For years, Florida wildlife officials have struggled to tackle a growing problem in the Everglades: the invasive Burmese python, which devours the mammal population (like raccoons, opossum and rabbits) and out-competes native predators (such as alligators) in the process. The species, which is native to Southeast Asia, has been introduced over the last few decades when local pet owners release them into the wild.

Years of Python Challenges, in which amateur hunters compete to catch the most pythons (or largest python) for a sizable cash prize, have resulted in thousands of snakes being caught, but other, more extensive methods are needed to curb the Burmese python population.

The Florida Fish and Wildlife Conservation Commission and the University of Florida are hoping to learn those methods from two of their newest recruits: a pair of Irula tribesmen from India who are expert snake-hunters. The tribesmen removed 14 pythons in two weeks, including four from the Crocodile Lake National Wildlife Refuge in Key Largo. One of the snakes was a female measuring 16 feet long, according to local news reports.

While 14 snakes may not seem like a lot, consider it in the context of the Python Challenge. In 2016, about 1,000 hunters caught 106 snakes in one month; in contrast, these two tribesman caught an average of one a day for two weeks.

The pilot project is also relatively cheap: just $68,888 for two tribesmen and two translators for two months.

Armed only with tire irons to punch through dense Burma reed and sharp limestone rock and trailed by biologists, the pair are on the lookout for the sparkle of snakeskin in the bush. They’re also searching for what the snakes left behind: a ripple in the sand, a tunnel through grass or scat. All of these signs can alert them to the presence of the snake, the malai pambu, a snake far bigger than any the men have encountered in India.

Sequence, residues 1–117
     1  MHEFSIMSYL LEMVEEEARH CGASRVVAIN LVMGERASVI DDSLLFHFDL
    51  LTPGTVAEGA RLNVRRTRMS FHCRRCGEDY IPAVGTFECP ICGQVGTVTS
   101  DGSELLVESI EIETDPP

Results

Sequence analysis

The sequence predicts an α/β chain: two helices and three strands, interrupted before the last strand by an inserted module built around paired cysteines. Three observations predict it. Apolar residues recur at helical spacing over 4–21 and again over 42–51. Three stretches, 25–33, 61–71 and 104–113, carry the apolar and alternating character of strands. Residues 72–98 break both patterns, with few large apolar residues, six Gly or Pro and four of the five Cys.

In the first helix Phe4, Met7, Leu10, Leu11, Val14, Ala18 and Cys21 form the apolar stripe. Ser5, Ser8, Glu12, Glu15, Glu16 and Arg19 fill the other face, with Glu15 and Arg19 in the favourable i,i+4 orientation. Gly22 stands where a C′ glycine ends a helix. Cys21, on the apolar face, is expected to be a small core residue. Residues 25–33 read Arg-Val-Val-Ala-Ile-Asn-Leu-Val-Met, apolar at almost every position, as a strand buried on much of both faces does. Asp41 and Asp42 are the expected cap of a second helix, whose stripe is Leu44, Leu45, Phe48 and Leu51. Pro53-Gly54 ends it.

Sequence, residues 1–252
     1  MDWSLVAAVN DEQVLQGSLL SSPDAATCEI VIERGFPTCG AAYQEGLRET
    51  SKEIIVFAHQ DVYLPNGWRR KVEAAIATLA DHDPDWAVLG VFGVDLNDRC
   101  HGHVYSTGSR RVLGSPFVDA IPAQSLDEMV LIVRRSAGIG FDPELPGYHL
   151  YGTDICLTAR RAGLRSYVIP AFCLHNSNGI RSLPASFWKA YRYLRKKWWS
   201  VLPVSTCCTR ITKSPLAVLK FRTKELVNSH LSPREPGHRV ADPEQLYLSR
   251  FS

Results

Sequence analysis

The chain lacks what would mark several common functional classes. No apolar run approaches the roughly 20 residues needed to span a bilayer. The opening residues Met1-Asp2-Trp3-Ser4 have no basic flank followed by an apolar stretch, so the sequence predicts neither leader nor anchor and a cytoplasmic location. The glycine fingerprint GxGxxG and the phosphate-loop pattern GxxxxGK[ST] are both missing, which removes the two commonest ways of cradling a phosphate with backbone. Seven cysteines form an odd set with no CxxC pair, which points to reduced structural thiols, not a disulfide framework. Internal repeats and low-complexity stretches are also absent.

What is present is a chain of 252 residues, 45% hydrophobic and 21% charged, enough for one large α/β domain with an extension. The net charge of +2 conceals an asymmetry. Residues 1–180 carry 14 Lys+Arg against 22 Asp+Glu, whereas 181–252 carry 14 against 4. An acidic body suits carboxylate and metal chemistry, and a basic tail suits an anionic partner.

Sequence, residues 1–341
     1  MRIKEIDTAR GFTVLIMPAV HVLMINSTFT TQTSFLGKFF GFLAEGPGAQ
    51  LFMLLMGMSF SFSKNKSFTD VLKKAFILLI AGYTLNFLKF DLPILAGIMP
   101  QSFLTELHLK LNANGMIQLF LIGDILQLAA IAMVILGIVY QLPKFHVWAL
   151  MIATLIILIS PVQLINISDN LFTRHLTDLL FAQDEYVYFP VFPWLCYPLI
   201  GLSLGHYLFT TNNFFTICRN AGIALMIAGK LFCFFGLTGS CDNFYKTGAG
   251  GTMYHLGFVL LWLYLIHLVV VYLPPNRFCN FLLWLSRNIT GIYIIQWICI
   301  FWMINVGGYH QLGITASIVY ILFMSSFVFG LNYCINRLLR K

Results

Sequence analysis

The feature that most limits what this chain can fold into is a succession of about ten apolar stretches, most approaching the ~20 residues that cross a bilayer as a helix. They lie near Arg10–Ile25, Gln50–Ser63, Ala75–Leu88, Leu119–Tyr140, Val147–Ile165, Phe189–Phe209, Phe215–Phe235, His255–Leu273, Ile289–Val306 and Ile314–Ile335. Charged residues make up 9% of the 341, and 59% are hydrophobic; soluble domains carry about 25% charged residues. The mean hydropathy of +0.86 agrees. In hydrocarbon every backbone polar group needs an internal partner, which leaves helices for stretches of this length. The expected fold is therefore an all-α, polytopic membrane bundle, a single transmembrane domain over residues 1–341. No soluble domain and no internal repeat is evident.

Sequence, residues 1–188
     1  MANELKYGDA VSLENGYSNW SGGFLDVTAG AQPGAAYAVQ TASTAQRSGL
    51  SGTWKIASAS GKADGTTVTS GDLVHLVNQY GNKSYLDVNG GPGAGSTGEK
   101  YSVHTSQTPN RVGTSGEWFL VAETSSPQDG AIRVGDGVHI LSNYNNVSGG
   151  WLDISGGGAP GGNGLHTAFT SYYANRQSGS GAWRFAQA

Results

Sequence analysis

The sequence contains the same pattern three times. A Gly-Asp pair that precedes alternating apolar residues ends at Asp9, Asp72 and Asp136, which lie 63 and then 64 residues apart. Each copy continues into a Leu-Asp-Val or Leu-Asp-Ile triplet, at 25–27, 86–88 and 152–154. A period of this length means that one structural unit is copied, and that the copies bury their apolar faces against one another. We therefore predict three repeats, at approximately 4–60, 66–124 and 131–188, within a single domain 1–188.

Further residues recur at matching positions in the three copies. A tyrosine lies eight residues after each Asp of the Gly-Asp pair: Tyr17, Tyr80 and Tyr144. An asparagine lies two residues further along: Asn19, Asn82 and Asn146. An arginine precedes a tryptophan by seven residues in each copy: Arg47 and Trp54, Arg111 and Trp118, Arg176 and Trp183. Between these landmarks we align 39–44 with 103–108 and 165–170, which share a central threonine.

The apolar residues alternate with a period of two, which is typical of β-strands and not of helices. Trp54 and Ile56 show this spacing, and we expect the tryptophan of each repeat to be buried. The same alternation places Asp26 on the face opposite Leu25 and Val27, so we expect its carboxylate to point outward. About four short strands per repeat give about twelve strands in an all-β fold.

Their methods are proving successful, according to UF biologist Ed Metzger, who told the Herald that seven of the snakes captured would not have been found without the trackers. Florida officials have often focused on areas where snakes are known to bask, such as roads or levees. But the tribesmen head straight for thick brush and have impressed local officials with their ability to correctly predict the size and sex of the snake they’re tracking.

It’s too soon to say if the unique partnership will be a success, but the results will be compared with other efforts, including the so-called “Judas” snake project, where biologists send out radio-tagged “Judas” snakes to reveal the location of other snakes. In the meantime, the search continues for a sure-fire way to stem the growth of the invasive Burmese python in the Florida Everglades.